Pricing is something I often see new business owners struggle with in the first few years of getting established. There’s a perpetual fear of losing customers if they increase their prices. I’ve seen many a business owner losing sleep for months and tying themselves in knots over the decision. Finally they decide they have to make the plunge (usually when they realise that their business won’t actually make any money if they don’t or they’re so burnt out they’re thinking about quitting) and then they almost close their eyes, hike the prices up and wait for their customers to disappear in droves, terrified that this is it – they’re going to become yet another business failure statistic.
BUT… what I’ve actually seen every time is relief on their faces as the customers don’t disappear, and as a result, they finally feel adequately compensated for all their hard work, which in turn makes them feel good about their business and working in it, which in turn attracts new awesome customers (and inevitably they then say to me ‘I don’t know why I was so worried about it’). I do know why they were worried about it, and it’s a legitimate fear when you’re starting out, but what I’ve also seen (and experienced in my own business) is that as business owners raise their prices, they attract BETTER, EASIER, HAPPIER, MORE APPRECIATIVE customers… Customers who know what they want and are happy to pay for it without a second thought.
I was recently reminded of this lesson after an experience on Facebook Market place and it so closely mirrored what I see which business pricing that I thought I’d share…
So, I’m about to move house (yay!). The new house doesn’t have a garage so I thought I’d sell a few things. And as well as giving me some extra cash in my pocket, it gave me a reminder of one of the best business lessons I’ve received to date… Unless you are intentionally pursuing a low cost strategy for a product or service you’re selling at high volume with a cap on the level of service you offer, low pricing can send you broke (through wasted time and refunds) and take you to the fiery depths of customer service hell (with people who have a scarcity mindset and need more help than you can give them for the price they’re willing to pay).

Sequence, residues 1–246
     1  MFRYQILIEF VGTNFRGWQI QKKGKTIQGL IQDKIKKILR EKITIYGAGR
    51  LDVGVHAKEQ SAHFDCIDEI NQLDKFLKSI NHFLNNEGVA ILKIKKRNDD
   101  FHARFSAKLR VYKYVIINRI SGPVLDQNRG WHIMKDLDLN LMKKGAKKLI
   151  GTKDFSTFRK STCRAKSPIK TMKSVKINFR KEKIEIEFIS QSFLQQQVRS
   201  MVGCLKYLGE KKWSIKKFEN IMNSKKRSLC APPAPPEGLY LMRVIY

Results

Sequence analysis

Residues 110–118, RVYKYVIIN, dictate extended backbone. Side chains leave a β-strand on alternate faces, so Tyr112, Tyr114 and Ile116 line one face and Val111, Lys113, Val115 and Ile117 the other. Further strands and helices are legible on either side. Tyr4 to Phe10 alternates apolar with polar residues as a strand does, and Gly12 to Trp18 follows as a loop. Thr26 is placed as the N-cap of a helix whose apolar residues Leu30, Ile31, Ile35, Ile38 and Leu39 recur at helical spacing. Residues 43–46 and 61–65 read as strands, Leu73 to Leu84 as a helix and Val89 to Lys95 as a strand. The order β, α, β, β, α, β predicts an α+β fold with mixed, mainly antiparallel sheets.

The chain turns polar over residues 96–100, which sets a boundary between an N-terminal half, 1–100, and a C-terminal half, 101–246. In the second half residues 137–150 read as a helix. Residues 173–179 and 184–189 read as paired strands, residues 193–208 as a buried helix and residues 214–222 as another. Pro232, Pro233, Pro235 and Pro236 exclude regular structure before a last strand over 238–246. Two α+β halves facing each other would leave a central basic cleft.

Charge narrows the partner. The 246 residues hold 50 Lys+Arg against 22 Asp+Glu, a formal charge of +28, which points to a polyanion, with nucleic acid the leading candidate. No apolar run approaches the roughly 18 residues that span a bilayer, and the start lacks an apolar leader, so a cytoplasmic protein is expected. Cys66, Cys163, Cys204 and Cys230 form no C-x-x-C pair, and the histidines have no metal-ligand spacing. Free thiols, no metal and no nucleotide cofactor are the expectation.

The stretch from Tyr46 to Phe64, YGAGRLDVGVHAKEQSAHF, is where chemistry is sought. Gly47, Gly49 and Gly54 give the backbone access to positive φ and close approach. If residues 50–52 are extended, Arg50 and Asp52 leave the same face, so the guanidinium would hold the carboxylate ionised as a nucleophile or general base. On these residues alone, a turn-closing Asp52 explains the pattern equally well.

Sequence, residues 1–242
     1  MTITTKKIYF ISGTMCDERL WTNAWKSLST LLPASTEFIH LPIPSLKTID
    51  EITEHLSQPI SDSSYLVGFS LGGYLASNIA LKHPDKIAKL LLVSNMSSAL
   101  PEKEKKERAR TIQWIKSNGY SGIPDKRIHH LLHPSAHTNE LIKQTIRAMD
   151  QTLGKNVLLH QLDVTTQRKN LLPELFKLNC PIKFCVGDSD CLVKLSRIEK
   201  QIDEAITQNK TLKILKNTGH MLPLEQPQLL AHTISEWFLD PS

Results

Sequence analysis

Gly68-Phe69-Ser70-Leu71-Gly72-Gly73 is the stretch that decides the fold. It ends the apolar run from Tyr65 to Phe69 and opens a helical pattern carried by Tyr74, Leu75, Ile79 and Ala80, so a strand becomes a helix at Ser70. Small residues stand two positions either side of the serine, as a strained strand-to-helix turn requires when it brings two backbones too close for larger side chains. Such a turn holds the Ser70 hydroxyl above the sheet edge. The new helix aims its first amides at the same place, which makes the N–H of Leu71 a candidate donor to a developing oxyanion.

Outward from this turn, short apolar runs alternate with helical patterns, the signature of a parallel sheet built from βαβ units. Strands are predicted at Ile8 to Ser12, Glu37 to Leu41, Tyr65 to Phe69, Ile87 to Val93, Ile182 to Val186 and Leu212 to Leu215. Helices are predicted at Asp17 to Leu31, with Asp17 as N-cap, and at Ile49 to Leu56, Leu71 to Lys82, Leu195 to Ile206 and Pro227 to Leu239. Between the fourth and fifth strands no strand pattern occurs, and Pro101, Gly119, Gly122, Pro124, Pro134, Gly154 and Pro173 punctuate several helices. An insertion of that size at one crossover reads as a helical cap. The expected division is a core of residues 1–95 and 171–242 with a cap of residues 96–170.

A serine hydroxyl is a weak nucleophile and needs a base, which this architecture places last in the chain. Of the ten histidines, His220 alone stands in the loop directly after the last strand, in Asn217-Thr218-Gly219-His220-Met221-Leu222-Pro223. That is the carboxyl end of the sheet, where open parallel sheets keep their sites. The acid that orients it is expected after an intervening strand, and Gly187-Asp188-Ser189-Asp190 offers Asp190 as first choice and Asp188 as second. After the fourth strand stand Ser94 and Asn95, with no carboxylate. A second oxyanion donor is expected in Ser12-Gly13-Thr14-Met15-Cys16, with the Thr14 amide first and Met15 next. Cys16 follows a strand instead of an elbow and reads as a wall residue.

So, what went down? In my listings I had a mix of more expensive items – a bed, a pram and a snowboard. All of these were listed over $100 – the bed was $350. And I had some cheaper items that I really just wanted to get rid of because they’re bulky and hard to store – a table, a cot and a kid’s chalk board – all listed for 10 bucks.
First to the more expensive items. The people who enquired about them were respectful, organised and had integrity (i.e. they did what they said they were going to do). They knew if they actually wanted the item. None of them screwed around. None of them wanted to ‘look before they bought’. If I asked them what time they’d be picking an item up, lo and behold, they gave me a time and then actually turned up. All in all it was a delightful experience and I got a wad of cash, $750 to be exact.
Now, flip side to the cheaper items… Oh my god – the AGONY. I had multitudes of people emailing about them. They would say they wanted to buy it but hours later message to say they’d changed their minds. They’d say they wanted to come and see it before buying then either not show up or if I asked them for a time they were coming all I’d receive back was ‘I’ll let you know’ and then I’d get long waffly answers about how far away they lived and how hard it was to get in to pick up the item or that they had to talk to their husband before they bought and then they’d just disappear. In short, they did not value the items or my time. All in all I got $30 and wasted a shit ton of my time (time I could have actually been making money in my business!). In hind sight, I wish I’d just taken these items to the second hand store instead (in fact, why didn’t I?! Note to future self),
Business pricing works this way too.
Now, I’m not saying there is anything wrong with starting out with lower prices to cut your teeth in the big old business world. I did. And at the time it gave me the confidence to put myself out there. I felt safe knowing that if I screwed up badly, the stakes weren’t that high (not that that ever happened, but it’s something we all freak out about)… The trick is not to stay there as you gain confidence (unless of course, again, having low prices is an intentional strategy). As my most trusted money person, Lynda James from Valo Financial would say, set your prices on what will give you a ‘good life’ business. A business that supports your lifestyle, that makes you feel good about stepping up in your business every day and one that attracts customers who are a joy to work with.
Happy pricing everyone!